Much more could be done to improve the efficiency of the construction sector’s supply chain. And that really means going beyond on-site logistics, and back to looking at the way the work is contracted out and materials bought in.
TDG’s group strategy and marketing director, David Hindson, sees great potential to make huge savings for the construction sector. He believes the construction sector tends to look at the supply chain purely from the sourcing and procurement angle – whether its labour only or labour and materials. And that’s about it.
The result is lower productivity, delay and waste. He believes the average site wastes between 10 – 30 per cent of materials through poor planning and execution, with reverse logistics playing little or no part. The strange thing is, the sector just seems to accept it. Why is this?
‘The prizes are huge’, says Hindson. ‘You can reduce labour content by better scheduling and placement of goods close to where they are needed, resulting in faster build time, which in turn translates into lower finance costs.’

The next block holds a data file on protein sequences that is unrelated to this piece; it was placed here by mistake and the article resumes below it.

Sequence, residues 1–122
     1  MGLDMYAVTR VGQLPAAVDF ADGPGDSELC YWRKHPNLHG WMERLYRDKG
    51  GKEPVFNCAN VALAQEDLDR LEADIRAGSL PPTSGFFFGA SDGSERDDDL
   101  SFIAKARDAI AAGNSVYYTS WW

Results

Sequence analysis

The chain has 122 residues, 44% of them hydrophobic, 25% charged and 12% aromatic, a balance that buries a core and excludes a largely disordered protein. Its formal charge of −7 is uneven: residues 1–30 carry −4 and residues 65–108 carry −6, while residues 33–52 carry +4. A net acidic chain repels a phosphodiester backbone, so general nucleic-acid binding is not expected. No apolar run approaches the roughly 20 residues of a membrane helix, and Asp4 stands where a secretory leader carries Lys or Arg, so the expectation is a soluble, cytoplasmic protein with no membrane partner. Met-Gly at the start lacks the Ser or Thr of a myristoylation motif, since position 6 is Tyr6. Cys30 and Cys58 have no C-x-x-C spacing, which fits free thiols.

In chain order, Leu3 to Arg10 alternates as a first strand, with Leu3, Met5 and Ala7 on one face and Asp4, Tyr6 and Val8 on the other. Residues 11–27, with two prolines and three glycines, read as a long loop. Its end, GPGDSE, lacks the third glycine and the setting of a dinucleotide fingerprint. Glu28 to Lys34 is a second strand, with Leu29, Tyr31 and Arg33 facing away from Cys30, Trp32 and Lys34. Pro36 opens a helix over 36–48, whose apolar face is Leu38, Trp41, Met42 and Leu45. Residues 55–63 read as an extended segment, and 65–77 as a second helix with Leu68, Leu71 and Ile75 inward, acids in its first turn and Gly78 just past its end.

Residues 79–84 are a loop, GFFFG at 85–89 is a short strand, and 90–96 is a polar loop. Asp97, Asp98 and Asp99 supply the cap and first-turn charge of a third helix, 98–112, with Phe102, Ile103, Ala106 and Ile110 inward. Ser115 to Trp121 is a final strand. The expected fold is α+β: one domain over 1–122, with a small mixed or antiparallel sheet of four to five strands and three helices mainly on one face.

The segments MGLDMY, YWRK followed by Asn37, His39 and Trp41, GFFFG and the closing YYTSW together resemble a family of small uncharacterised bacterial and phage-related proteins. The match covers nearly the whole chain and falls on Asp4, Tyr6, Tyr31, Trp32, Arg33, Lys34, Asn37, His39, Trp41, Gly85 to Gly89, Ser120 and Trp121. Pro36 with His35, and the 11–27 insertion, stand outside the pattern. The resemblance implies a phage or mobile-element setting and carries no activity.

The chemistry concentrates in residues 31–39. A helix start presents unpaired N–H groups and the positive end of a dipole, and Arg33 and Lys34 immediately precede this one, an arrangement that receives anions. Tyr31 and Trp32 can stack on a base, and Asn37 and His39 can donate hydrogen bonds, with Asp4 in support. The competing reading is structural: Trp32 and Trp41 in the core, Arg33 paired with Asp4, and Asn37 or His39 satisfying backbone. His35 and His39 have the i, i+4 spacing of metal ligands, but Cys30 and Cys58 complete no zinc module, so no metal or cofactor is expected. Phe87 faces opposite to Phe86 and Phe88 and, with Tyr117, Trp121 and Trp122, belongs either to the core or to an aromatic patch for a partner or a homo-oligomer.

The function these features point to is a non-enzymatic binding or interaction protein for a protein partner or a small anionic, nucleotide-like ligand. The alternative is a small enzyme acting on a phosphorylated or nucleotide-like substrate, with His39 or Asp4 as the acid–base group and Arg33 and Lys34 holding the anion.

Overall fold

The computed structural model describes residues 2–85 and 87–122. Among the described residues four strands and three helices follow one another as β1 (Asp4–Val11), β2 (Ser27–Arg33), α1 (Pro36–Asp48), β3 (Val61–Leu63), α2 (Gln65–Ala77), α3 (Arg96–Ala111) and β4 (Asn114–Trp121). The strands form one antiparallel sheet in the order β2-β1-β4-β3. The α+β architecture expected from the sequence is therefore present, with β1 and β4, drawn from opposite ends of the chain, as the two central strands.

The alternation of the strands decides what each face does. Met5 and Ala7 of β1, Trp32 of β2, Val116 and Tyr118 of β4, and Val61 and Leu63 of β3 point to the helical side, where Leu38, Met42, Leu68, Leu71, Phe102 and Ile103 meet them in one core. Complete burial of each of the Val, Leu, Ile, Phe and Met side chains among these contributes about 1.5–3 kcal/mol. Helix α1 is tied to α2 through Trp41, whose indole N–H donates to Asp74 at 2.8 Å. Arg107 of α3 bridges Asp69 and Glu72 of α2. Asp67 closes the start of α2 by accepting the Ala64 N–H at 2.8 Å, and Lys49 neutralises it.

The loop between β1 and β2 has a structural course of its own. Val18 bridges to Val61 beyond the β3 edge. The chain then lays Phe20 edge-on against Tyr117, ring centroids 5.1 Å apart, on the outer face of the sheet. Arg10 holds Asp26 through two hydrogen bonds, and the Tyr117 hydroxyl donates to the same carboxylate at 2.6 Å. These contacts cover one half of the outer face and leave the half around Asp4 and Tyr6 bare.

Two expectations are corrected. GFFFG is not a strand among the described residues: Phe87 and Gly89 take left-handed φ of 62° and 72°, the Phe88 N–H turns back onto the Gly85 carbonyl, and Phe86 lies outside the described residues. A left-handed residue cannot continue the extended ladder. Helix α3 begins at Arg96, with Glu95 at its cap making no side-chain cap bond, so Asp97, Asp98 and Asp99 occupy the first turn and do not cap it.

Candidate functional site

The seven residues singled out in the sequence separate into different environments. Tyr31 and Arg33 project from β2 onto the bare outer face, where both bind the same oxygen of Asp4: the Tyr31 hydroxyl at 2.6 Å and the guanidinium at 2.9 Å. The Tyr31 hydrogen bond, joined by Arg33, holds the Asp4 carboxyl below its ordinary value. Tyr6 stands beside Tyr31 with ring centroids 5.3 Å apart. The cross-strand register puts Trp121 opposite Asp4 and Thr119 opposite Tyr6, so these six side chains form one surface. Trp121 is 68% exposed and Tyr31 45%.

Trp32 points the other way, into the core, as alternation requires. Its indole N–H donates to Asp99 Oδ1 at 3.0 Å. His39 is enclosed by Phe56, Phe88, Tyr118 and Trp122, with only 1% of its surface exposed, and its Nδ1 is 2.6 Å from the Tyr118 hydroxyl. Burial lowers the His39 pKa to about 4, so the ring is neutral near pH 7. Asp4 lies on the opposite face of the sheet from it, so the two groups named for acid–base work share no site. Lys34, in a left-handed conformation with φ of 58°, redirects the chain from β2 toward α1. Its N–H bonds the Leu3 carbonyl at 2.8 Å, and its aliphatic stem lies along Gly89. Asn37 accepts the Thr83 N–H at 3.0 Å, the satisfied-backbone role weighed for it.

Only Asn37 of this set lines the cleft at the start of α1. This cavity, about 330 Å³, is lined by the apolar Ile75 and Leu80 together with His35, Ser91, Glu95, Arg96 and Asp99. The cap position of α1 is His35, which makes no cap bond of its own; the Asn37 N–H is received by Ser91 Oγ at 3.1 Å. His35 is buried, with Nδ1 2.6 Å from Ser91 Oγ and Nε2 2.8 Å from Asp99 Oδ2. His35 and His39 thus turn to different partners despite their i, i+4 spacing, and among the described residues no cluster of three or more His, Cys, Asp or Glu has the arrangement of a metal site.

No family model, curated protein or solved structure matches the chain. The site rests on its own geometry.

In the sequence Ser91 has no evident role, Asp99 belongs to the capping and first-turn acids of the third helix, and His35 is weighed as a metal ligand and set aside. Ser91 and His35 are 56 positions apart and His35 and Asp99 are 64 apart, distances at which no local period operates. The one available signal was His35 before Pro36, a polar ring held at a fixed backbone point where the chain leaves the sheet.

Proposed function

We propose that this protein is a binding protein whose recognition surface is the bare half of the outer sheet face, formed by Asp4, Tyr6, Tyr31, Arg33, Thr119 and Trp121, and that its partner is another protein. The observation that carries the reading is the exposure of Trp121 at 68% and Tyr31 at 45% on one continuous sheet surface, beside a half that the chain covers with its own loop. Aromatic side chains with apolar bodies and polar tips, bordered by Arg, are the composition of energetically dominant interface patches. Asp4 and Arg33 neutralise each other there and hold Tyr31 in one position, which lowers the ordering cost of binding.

Much depends on the way the work is subcontracted out. The secret would seem to be to use labour only. If you contract in supply and fit you are paying a margin to the subcontractor to purchase and procure materials. Keeping buying central gives greater buying power and control.
Taking control in this way offers the opportunity to consolidate, co-ordinate and kit-out materials to specific trades in accordance with build schedules. Hindson believes that supply chain can impact as much as 75 per cent of build costs.
With the construction sector looking at leaner market conditions, perhaps the time has arrived for smarter logistics.
Supply Chain Standard and TDG are running a Roundtable debate on ‘Construction sector logistics’ which is due to take place at the Swiss Re building (The Gherkin) this summer. If you are involved in the construction sector and would like to be considered as a participant, please email: Johanna.firstname.lastname@example.org